Lyndon B. Johnson was so fearful that Hubert H. Humphrey would break with him over Vietnam in an attempt to win the 1968 election he had the FBI bug his own vice president, a new biography of LBJ discloses.
Boston University historian Robert Dallek, who has researched the life of the 36th president for the past 14 years, also reveals that Johnson, even though he had withdrawn as a candidate in March, secretly encouraged a draft-Johnson movement at the Democratic convention in Chicago that summer. He may have sought a draft for no other reason than the ego-satisfying opportunity to turn it down, Dallek writes.Dallek's book, "Flawed Giant," to be published by Oxford University Press in April, sheds new light on the pivotal 1968 election, in which Republican Richard Nixon defeated Humphrey by a hair. Nixon's election led to escalation of the war in Vietnam, more than doubling American losses there, and ultimately to the Watergate scandal and history's first presidential resignation.
Johnson had deep misgivings about Humphrey, his vice president. He "considered him too soft and too much of a bleeding-heart liberal who would have trouble making tough decisions," Johnson felt, according to Dallek.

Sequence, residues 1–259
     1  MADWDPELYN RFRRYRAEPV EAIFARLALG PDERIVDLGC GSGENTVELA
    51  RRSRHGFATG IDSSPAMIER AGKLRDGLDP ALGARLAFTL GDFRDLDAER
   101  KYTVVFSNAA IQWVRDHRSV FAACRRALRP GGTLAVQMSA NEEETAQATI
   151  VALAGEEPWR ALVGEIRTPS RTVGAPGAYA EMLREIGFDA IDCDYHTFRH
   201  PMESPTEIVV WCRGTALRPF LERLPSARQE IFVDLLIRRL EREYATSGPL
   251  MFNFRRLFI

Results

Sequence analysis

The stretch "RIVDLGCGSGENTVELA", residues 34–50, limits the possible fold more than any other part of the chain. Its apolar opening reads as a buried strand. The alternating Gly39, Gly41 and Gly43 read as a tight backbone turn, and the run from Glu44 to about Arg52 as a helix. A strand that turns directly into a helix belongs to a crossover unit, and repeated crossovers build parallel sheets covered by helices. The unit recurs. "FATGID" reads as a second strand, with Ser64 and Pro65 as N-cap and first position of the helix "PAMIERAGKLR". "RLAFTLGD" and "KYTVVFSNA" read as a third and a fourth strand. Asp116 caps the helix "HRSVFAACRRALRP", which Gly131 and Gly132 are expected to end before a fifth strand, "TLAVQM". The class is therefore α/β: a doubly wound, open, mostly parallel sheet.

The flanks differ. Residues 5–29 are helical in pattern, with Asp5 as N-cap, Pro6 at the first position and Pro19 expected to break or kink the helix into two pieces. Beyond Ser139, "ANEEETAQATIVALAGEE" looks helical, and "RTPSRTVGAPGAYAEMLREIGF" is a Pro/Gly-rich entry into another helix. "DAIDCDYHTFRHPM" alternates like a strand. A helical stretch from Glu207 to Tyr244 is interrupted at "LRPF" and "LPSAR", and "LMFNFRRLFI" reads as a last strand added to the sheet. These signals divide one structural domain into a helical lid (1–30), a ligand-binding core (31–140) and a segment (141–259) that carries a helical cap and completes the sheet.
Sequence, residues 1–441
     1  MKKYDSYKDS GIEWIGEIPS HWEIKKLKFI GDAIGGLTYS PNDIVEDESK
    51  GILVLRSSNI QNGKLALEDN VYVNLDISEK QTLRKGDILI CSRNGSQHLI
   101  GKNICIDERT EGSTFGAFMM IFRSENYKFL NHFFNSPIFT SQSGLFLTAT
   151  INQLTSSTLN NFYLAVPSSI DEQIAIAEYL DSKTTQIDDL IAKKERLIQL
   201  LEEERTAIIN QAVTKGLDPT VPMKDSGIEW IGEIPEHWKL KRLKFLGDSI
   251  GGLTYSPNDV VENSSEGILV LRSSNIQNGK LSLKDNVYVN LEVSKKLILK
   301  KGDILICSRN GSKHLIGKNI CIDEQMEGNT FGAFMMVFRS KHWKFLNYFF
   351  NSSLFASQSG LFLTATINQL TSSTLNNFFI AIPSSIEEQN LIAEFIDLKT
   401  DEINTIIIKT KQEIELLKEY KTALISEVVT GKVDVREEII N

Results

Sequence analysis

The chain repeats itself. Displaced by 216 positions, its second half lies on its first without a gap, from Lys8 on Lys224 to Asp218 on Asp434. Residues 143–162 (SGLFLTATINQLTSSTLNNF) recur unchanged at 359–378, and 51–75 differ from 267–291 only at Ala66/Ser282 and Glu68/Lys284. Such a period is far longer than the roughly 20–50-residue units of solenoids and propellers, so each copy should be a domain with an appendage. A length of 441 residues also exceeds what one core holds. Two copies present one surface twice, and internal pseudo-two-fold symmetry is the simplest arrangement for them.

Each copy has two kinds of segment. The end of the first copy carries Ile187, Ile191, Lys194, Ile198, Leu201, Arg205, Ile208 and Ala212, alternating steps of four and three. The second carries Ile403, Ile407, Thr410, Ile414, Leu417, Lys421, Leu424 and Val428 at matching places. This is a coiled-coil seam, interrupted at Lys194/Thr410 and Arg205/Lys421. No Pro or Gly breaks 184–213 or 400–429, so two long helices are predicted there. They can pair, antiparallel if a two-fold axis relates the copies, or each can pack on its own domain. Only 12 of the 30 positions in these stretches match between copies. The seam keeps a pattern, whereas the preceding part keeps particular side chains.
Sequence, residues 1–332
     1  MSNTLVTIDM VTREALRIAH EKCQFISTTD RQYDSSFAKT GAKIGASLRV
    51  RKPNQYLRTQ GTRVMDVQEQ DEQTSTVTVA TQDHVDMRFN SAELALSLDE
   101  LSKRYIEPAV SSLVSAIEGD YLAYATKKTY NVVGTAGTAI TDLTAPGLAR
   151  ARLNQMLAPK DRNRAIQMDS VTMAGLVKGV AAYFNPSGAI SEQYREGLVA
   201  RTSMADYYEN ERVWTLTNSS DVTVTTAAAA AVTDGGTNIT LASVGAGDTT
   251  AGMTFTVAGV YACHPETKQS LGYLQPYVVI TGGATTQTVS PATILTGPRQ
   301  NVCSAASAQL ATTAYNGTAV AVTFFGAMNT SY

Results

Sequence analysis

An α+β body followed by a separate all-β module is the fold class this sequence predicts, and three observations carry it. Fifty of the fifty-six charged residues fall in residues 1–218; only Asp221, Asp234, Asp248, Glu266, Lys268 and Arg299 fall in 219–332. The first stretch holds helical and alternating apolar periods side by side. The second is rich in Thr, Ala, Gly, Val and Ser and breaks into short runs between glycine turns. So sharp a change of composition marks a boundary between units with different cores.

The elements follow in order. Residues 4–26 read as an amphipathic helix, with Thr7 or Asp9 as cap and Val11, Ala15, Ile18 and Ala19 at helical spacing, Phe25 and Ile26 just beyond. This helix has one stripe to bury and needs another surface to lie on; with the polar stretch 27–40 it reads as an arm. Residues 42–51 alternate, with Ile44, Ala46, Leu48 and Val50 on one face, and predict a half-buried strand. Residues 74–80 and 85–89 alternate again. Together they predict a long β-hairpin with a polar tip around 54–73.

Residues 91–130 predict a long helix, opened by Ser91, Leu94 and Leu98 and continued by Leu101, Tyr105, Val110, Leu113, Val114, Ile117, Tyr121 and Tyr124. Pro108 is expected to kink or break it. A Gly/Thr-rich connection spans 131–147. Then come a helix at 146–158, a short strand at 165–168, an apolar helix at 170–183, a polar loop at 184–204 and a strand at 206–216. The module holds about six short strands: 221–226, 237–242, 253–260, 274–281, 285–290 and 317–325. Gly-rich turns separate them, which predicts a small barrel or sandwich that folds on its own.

Worse yet, in his heart Johnson also believed that Humphrey "would abandon the war the minute he took the oath of office," leaving it to history to label Johnson the first president to have lost a war, Dallek writes.
"He understood that Humphrey was under great pressure to break with him," Dallek says. "To keep close tabs on the inner workings of Humphrey's campaign, Johnson had the FBI tap Humphrey's phones. If Humphrey were going to come out against the war, Johnson wanted advance notice and a chance to dissuade him."
While historians have known that Johnson secretly taped some of his telephone conversations, the only tapes released so far have been those from the first months of the Johnson presidency following the 1963 assassination of John F. Kennedy.
Unenthusiastic about the prospects of either a Humphrey or a Nixon presidency, Johnson, according to Dallek, privately urged Republican Gov. Nelson A. Rockefeller of New York that spring to get into the race - advice Rockefeller took too late to head off a Nixon victory at the GOP convention a few months later.
Because of his distrust of Humphrey's belief in the war, Johnson secretly supported Nixon and sometimes acted to undercut Humphrey - forbidding his aides, for example, from publicly endorsing the vice president.
Johnson's ambivalence about Humphrey increased after Nixon sent the Rev. Billy Graham to play on Johnson's vanity. On Sept. 15, Graham carried word to Johnson that Nixon would give Johnson a share of the credit when the war finally was settled and that Nixon considered Johnson "the hardest working and most dedicated president in 140 years."